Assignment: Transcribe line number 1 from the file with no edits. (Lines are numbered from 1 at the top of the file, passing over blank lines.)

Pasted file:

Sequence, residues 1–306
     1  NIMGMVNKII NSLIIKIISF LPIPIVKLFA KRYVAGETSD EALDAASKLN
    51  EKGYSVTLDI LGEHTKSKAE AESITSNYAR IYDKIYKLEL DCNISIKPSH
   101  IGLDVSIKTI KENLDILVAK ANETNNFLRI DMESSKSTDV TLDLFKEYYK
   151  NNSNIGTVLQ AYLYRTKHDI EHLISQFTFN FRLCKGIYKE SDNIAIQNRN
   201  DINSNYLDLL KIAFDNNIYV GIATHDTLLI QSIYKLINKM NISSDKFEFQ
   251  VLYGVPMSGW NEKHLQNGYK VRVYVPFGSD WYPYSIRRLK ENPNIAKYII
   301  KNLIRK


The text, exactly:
Sequence, residues 1–306